Teenage Pregnancy

Teenage pregnancy happens in all ethnic groups in various rate. As per National Vital statistics Reports 2011 the highest rate of teenage pregnancy in Hispanic group and the lowest in Asian/Pacific group and the Statics shows there is a significant decline in teenage pregnancy rate in all ethnic groups compare to 2000. This is a result of teenage education. Teenage pregnancy puts families in health problems, emotional stress and a financial burden to both family and society. It causes drops in school or delay in graduation.

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Teenage pregnanmay causeses many health problems includes pregnancy induced hypertension, pre-eclampsia, lack of pre-natal care, pre-mature birth, low-birth weight baby, STDs, post-partum depression, isolation and facing social stigma. Also there is chances of more children in young age and lack of proper care for the baby. Studies show teenage pregnancy happens more in low income class people and poor environment. Teenage pregnancy can reduce by proper education about sex and precautions if they become sexually active.

Teen need education about how and why delay in starting sex and precautionary methods to prevent early age pregnancy. Parents and teachers have to talk openly about sex and risk factors. Availability of birth control forms also helps to lower the rate. Keep teenagers engaged in physical activities and involve them in cultural and community programs will help to redirect their energy and time. Support them to keep a healthy relationship with peers and friends. Setting a goal in their life will motivate them to concentrate on studies and school.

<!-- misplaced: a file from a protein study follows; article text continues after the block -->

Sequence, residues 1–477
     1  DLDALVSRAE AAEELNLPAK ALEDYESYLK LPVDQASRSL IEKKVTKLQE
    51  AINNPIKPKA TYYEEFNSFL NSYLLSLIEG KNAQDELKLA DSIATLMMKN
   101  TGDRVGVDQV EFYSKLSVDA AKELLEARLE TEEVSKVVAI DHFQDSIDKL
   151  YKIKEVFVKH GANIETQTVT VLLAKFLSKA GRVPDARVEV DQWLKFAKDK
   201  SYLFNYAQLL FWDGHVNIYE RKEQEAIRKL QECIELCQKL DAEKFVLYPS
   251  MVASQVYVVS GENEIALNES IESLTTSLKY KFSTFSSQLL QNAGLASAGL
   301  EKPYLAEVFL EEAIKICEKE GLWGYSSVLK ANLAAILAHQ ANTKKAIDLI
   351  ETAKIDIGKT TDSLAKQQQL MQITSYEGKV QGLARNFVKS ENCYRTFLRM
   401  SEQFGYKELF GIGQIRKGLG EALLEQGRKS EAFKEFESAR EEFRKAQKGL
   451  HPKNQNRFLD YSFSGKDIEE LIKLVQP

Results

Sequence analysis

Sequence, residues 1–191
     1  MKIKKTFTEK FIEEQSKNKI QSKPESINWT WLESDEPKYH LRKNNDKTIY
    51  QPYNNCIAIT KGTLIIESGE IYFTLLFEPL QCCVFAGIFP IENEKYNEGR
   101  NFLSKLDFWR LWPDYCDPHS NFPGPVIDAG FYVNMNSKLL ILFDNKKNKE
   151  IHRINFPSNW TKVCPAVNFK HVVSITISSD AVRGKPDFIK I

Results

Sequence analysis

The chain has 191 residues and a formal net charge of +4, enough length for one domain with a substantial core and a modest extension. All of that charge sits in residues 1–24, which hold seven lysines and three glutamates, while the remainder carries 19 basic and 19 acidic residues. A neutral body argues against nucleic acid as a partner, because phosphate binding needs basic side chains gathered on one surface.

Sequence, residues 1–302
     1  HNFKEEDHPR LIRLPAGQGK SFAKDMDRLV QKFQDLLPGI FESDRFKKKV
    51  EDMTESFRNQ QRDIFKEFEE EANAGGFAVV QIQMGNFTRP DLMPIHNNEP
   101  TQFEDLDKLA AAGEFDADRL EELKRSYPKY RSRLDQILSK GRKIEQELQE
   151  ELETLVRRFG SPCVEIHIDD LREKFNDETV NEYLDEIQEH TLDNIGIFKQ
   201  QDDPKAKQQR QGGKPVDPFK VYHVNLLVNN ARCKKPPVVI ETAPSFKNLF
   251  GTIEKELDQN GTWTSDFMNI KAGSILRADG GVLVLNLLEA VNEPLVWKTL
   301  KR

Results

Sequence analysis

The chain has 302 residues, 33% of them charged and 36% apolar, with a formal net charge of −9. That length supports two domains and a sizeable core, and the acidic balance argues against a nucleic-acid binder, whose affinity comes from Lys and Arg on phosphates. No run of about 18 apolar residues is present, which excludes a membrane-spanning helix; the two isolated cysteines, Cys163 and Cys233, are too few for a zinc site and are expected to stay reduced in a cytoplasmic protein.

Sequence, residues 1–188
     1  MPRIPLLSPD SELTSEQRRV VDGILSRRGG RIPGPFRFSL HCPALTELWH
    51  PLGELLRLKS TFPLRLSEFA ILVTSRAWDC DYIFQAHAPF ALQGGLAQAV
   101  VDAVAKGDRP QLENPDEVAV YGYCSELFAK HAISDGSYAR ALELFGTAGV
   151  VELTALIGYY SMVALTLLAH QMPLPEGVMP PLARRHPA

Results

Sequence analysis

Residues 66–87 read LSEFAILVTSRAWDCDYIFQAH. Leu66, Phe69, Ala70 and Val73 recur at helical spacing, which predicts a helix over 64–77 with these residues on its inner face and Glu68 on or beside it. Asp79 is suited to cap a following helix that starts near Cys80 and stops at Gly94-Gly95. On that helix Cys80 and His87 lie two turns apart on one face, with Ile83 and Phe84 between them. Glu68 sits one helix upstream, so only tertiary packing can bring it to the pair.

As part of the President’s Teen Pregnancy Prevention Initiative (TPPI), CDC is partnering with the federal Office of the Assistant Secretary for Health (OASH) to reduce teenage pregnancy and address disparities in teen pregnancy and birth rates. The OASH Office of Adolescent Health (OAH) is supporting public and private entities to fund medically accurate and age appropriate evidence-based or innovative program models to reduce teen pregnancy(CDC, Teen pregnancy prevention 2010-2015).

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